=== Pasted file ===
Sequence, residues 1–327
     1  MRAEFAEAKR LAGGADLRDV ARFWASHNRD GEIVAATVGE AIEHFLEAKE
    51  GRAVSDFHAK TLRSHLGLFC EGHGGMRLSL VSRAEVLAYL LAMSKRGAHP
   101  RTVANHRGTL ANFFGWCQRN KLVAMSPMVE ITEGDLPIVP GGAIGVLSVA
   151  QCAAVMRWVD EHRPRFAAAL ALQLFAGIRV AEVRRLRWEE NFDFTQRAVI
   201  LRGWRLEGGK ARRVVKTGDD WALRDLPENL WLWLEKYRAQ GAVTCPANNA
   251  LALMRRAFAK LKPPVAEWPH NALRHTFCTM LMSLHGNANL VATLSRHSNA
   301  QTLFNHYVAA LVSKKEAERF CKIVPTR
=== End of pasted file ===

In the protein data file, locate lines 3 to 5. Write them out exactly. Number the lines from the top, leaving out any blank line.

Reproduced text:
    51  GRAVSDFHAK TLRSHLGLFC EGHGGMRLSL VSRAEVLAYL LAMSKRGAHP
   101  RTVANHRGTL ANFFGWCQRN KLVAMSPMVE ITEGDLPIVP GGAIGVLSVA
   151  QCAAVMRWVD EHRPRFAAAL ALQLFAGIRV AEVRRLRWEE NFDFTQRAVI